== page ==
United States District Court, D. New Jersey
B. KUGLER UNITED STATES DISTRICT JUDGE
Darius Gittens, a prisoner confined at Northern State Prison,
in Newark, New Jersey, is proceeding pro se with a civil
rights complaint pursuant to 42 U.S.C. § 1983. For the
reasons stated in this Opinion, the Court will allow the
Complaint to proceed in part.
Court will construe the factual allegations in the Complaint
as true for the purpose of this Opinion. Plaintiff names
Mildred Scholtz, Matthew Leith, Captain McDonnell, J.
Larkins, T. Blango, P. Blango, Mary Anne O'Brien, Bruce
Garganio, Aimee Beigard, Joseph Donelly, Joanne Schwartz,
Gary M. Lanigan, Marcus Hicks, Darcella Sessomes, T. Case,
and John Doe.
case arises from Plaintiffs time at the Burlington County
Jail, as a pretrial detainee. On or about December 16, 2015,
Plaintiff entered the Burlington County Jail and notified a
nurse of his “destroyed knees and destroyed
shoulders” which cause him “extreme chronic
pain.” (ECF No. 1, at 11).
Plaintiff s chronic conditions, officials housed him in a
cell with two other inmates, and assigned him the floor
mattress, which caused Plaintiff a great deal of pain and
discomfort. Moreover, Plaintiffs mattress was nine inches
from the toilet bowl, which resulted in his cellmates
carelessly urinating on Plaintiff and his mattress on a
Plaintiff complained of a number of conditions, such as:
inadequate showering facilities; low cell temperatures;
unsanitary conditions, e.g., mice and roaches;
subpar food, and the lack of grievance forms. (ECF No. 1, at
13). Plaintiff complained about these conditions orally and
in writing, or both, to a large number of the Defendants.
Generally, Plaintiff alleges that Defendants ignored his
letters and grievances or explicitly refused to address their
particular, on February 1, 2016, Plaintiff finally received
some grievance forms, made over a hundred copies of the
grievance form, and distributed them to other detainees. Over
the next several days, Plaintiff filed six separate
grievances regarding the conditions above, as well as with
regard to the denial of access to the law library and a
general lack of reading material.
response to Plaintiffs actions, Defendant McDonnel issued a
“specious” disciplinary report on February 11,
2016, charging Plaintiff with obstructing a camera. Officials
then transferred Plaintiff out of general population and into
punitive segregation. At the hearing, officials did not
provide Plaintiff with an advocate, allow him to interview
witnesses, or otherwise collect or present evidence.
Additionally, the officer presiding over the hearing was
Defendant P. Blango, while the primary witness was Defendant
T. Blango, his twin brother. It appears that Defendant P.
Blango found Plaintiff guilty, and Plaintiff received a
fifteen day sentence in punitive segregation.
appealed that finding and on February 24, 2016, he received a
denial of that appeal from Defendant Leith, dated February
20, 2016. Plaintiff then attempted to appeal that decision to
the New Jersey Superior Court, Appellate Division, but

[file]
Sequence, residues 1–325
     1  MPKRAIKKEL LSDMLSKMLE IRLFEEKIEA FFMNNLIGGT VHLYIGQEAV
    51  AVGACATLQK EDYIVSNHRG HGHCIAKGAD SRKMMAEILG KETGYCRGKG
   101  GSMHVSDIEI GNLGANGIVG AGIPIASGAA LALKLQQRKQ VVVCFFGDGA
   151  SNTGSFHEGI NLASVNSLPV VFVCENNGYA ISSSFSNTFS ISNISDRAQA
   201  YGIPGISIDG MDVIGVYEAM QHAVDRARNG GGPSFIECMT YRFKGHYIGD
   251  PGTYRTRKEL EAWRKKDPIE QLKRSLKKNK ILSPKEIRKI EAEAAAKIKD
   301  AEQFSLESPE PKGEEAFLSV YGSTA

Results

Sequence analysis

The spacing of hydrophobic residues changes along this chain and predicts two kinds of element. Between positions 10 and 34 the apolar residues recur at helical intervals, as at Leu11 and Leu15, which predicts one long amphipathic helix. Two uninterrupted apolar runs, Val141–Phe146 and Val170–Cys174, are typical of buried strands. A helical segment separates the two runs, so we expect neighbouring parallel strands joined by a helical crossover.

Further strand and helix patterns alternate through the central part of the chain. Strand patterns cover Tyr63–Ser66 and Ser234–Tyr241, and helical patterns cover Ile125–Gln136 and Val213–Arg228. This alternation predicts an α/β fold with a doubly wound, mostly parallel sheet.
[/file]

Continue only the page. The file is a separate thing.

received no response.
in punitive segregation, officials did not allow Plaintiff to
exercise outside of his cell and did not provide him with any
clean clothes, sheets, law library access, or general reading
materials. Further, during that stay, an Officer
Wells ordered Plaintiff out of his cell and then
intentionally set off the sprinkler system to destroy
Plaintiff's legal papers. Although Officer Wells issued a
disciplinary report, a different officer dismissed those
about February 26, 2016, officials transferred Plaintiff back
to the general population unit, where Plaintiff lived under
the same or similar conditions discussed above. Plaintiff
continued to report and complain of these conditions,
including to the Burlington County Board of Chosen
Freeholders, who intentionally withheld funding and allowed
the “decay of the jail.” (ECF No. 1, at 21).
Plaintiff alleges, however, that the “jail was
monitoring and probably diverting complaints attempting to
expose the illegal conditions of confinement at the
jail.” (Id. at 22).
receiving his sentence, officials transferred Plaintiff on
November 16, 2016, to the Central Reception and Assignment
Facility, but did not allow him to take any of his legal
materials. At the time, Plaintiff was unaware that a state
court judge ordered the jail, on November 22, 2016, to
preserve Plaintiff's legal materials and forward them to
Plaintiff's new location. Despite Plaintiff's
complaints and grievances to a number of Defendants, it
appears that officials refused to deliver the legal materials
until June 6, 2017, when Plaintiff's attorneys retrieved
the materials from the jail.
February 23, 2018,  Plaintiff filed the instant Complaint,
alleging that Defendants violated his rights under the First,
Eighth, and Fourteenth Amendments, as well as related state
law claims. He also seeks to bring some of his claims as a
class action, naming other detainees who complain of the
conditions at the Burlington County Jail. (ECF No. 1, at 29).
STANDARD OF REVIEW
courts must review complaints in civil actions in which a
plaintiff is proceeding in forma pauperis. See 28
U.S.C. § 1915(e)(2)(B). District courts may sua
sponte dismiss any claim that is frivolous, is
malicious, fails to state a claim upon which relief may be
granted, or seeks monetary relief from a defendant who is
immune from such relief. See Id. According to the
Supreme Court's decision in Ashcroft v. Iqbal,
“a pleading that offers ‘labels or
conclusions' or ‘a formulaic recitation of the
elements of a cause of action will not do.'” 556
U.S. 662, 678 (2009) (quoting Bell Atlantic Corp. v.
Twombly, 550 U.S. 544, 555 (2007)).
survive sua sponte screening for failure to state a
claim,  the complaint must allege
“sufficient factual matter” to show that the
claim is facially plausible. See Fowler v. UPMC
Shadyside, 578 F.3d 203, 210 (3d Cir. 2009). “A
claim has facial plausibility when the plaintiff pleads
factual content that allows the court to draw the reasonable